'Sugar-bait' gold nanoparticles for metabolic-based imaging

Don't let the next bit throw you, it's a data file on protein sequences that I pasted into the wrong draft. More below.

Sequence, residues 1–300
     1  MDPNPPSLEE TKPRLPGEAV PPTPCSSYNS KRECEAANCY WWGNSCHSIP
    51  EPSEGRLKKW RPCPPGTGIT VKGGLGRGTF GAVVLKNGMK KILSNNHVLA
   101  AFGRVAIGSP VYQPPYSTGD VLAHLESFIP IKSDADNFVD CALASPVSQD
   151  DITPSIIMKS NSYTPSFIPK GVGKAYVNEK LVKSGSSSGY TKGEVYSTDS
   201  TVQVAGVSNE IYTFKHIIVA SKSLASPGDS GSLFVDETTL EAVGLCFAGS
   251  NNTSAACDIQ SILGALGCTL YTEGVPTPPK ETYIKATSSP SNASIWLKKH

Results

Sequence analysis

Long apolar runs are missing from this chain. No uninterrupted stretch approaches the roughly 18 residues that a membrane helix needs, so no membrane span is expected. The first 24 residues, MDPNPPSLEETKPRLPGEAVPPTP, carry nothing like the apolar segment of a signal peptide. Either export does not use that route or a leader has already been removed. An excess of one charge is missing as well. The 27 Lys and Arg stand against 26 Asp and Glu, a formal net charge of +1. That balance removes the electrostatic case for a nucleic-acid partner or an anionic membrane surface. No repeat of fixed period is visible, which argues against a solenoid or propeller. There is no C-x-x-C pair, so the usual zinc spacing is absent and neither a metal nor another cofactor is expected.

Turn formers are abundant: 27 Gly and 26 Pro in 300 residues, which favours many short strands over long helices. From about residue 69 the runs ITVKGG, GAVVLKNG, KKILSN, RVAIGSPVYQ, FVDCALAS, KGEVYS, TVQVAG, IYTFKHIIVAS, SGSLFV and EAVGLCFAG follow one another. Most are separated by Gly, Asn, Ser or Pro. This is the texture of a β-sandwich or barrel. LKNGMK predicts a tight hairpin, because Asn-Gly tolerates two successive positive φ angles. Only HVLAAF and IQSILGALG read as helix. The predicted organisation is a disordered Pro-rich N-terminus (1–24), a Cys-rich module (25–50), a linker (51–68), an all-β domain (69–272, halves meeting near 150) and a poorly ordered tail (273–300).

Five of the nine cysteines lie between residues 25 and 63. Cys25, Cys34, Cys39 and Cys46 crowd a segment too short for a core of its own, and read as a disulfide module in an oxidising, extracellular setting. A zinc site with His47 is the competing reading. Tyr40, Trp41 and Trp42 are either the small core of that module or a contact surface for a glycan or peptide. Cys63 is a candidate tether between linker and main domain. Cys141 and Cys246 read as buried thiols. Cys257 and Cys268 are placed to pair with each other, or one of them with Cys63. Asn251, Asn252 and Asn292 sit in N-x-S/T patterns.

Our research focuses on nanoparticle-based solutions for improvement of cancer diagnostics. One of the main limitations of positron-emission tomography (PET), a prominent cancer imaging technique, is its inability to distinguish between tumors and inflammatory conditions. The main contrast agent used with PET, [18F]FDG, is based on increased glucose metabolic activity, which characterizes both cancerous tissues and inflammatory cells. In addition, PET lacks anatomical information and thus necessitates incorporation of a structural imaging modality to obtain accurate anatomic information. The combination of PET with computed tomography (CT) (PET/CT) enables both functional and anatomical information in a single setting; however, in view of the relatively high cost of PET scans and the dependence on short-lived, non-specific FDG, development of a single modality that will overcome these drawbacks is highly desirable. To answer this need, we developed a nanoparticle-based approach, utilizing 'sugar-bait' gold nanoparticles with unique glucose-based functionalization, to be used as a metabolically targeted contrast agent for CT imaging. This novel approach, exploiting the dissimilarities in angiogenesis in different pathologies, demonstrates specific tumor targeting and high tumor cell uptake of the 'sugar-bait' nanoparticles, which successfully distinguish between cancer and inflammatory processes using CT imaging. Our approach provides simultaneous functional (metabolic) and structural imaging capabilities, using CT – the most widely available imaging modality. Our research can provide a set of capabilities in cancer detection, staging and follow-up, and is applicable to a wide range of cancers that exhibit high metabolic activity. This research is generously supported by the Israel Innovation Authority.